Hand in Glove took place September 17-21 at the Soap Factory in Minneapolis. These are notes..not rewritten as an essay.
Han Mitakuyepi. Cante Waste Nape Ciyuzapi. Hello my relatives. I greet you with a good heart and a warm hand.
I have been taught by Dakota elders to Know who you are and Know WHERE you are. Much of my work as a media artist has been designed to help folks know where they are when they are here…the Bdote area. Maka Cokiaya kin…the center of the Dakota universe.
I was raised in a largely wasicun (ummm…let’s translate as “white”) town…Red Wing, 55 miles southeast of here on the Mississippi River. I am an enrolled citizen of the Sisseton Wahpeton Dakota Oyate in South Dakota. I was raised not understanding that This Place – This region is a Dakota place. So I continue to learn about WHERE I AM.
For those who are interested in learning the Dakota relationship to the Mpls- St. Paul area – the Bdote Area…feel free to take a look at the Bdote Memory Map. Bdotememorymap.org.
But today we’re here to talk about the Healing Place Collaborative
Just As Seitu described the community meal, Healing Place has had many beginnings. …
with the Mapping Spectral Traces International Network,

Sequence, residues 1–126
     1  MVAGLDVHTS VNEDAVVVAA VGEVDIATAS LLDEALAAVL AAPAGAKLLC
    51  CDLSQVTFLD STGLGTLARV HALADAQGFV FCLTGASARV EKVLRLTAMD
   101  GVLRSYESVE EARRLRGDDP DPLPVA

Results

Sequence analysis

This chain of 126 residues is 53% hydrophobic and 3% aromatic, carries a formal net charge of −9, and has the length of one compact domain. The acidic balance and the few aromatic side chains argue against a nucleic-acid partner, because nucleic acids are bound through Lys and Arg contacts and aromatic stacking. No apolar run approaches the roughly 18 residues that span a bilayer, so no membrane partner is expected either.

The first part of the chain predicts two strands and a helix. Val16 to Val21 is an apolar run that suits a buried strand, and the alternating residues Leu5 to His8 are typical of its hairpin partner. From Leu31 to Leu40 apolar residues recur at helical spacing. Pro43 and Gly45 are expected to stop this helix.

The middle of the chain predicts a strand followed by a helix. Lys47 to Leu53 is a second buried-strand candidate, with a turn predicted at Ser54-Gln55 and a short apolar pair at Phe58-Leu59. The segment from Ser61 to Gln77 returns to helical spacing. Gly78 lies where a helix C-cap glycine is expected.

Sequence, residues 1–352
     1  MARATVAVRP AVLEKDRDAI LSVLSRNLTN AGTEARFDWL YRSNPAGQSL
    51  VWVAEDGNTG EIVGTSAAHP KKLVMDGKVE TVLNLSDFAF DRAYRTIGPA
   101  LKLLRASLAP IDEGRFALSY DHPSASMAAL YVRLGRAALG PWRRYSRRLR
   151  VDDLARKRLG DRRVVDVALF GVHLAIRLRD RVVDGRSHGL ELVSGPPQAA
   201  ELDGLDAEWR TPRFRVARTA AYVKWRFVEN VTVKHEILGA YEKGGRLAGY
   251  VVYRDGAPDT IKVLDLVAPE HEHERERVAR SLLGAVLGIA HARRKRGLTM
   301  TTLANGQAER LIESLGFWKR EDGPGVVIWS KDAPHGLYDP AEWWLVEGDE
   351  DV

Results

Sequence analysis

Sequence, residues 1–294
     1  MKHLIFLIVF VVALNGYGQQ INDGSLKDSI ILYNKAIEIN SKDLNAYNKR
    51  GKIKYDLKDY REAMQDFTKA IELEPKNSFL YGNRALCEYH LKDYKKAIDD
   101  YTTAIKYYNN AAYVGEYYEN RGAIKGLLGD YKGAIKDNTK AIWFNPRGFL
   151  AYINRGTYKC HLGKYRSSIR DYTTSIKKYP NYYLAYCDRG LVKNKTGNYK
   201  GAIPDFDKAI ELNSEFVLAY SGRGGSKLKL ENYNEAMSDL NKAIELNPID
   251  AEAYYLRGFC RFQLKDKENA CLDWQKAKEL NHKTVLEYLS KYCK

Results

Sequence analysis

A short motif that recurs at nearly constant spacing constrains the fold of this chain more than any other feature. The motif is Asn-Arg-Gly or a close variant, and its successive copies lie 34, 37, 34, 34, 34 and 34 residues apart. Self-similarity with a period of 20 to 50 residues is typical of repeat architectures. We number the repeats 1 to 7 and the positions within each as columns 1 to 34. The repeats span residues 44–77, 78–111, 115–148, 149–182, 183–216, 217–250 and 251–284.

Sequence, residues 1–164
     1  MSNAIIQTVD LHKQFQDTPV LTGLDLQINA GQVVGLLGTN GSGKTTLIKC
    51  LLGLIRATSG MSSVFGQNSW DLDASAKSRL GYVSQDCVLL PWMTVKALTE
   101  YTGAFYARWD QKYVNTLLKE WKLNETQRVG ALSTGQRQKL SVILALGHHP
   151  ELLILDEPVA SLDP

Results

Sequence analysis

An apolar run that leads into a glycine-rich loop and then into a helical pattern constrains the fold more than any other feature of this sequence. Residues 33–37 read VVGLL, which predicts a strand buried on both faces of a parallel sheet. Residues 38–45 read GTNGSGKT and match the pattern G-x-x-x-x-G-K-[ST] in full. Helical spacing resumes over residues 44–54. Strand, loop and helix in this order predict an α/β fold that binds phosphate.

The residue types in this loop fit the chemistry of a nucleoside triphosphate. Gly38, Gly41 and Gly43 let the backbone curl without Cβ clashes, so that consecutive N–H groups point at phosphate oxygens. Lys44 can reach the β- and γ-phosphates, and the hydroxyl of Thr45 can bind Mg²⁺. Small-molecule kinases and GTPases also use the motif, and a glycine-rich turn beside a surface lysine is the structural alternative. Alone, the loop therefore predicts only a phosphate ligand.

with River Life Breakfasts,
with the Planning for the St. Anthony Falls Heritage Zone,
with the Minnesota Humanities and the Bdote Memory Map,
with one crazy ranting email,
with conversations between Emily Johnson of Catalyst Dance and I ,
with teachings from Dakota tradition,
with commitments from Jewell Arcoren and Jimmy Rhodes…
with the dedication and curiosity of the core partners.
As an introduction to the ever evolving Healing Place Collaborative…I’m happy to show this video, featuring Lead artist Emily Johnson of Catalyst Dance and Gavino Limon and other assorted native folks .
“Oaphiye,” or Healing Place is named for Healing OF place and Healing BY place.
Dakota tradition teaches us a few things about healing. The most central is that healing is more about healing life than it is about curing. You can be healed and not be cured.
Place, talked about a lot these days…and I saw from the tweets yesterday and today one of my redundancies…Placemaking Placetaking. To native people they sound waaay tooo much alike. Placemaking must begin with place recognizing and place honoring….Here in this place that means recognition and honoring of Dakota homeland. The fact that the Hand In Glove gathering started with such an effort last night fills my heart.
Place is not a location. Place is recognized in relationship.
Healing, too, is always about relationship —-between healer and healed, between heart and mind, between spirit and body…etc., etc. and healing OF Place and healing BY place is also about relationship. (BTW A transactional relationship is not the path to healing.) Learning from the relationship of those who have had the longest connection to a place might not be a bad place to start.